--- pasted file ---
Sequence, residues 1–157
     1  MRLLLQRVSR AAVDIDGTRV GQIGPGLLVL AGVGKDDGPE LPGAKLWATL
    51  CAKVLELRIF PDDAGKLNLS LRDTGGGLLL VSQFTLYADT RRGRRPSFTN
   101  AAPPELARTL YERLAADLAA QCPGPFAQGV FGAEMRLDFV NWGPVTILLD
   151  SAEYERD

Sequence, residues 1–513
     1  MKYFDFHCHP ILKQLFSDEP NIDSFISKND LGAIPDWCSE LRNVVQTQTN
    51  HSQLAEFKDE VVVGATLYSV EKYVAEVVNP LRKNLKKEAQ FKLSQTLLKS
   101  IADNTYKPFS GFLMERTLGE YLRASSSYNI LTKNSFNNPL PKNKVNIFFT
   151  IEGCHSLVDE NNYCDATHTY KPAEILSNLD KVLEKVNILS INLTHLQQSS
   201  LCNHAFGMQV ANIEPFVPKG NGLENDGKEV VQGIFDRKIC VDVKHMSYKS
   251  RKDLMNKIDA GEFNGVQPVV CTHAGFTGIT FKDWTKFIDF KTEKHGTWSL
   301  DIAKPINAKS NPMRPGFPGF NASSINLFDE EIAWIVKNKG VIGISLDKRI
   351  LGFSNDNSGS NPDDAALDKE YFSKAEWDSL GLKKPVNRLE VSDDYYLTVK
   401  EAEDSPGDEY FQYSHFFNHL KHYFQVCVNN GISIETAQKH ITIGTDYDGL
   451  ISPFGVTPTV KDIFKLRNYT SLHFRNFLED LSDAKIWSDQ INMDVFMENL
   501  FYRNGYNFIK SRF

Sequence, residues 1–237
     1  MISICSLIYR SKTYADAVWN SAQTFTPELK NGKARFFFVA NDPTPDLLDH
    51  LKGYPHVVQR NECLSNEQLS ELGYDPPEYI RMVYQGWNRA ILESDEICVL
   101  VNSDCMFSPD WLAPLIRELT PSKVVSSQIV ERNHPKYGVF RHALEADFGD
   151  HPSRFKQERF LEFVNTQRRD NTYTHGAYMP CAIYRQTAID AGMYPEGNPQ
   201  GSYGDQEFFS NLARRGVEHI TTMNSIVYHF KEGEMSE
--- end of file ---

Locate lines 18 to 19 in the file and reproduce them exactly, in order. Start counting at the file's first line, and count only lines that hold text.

Sequence, residues 1–237
     1  MISICSLIYR SKTYADAVWN SAQTFTPELK NGKARFFFVA NDPTPDLLDH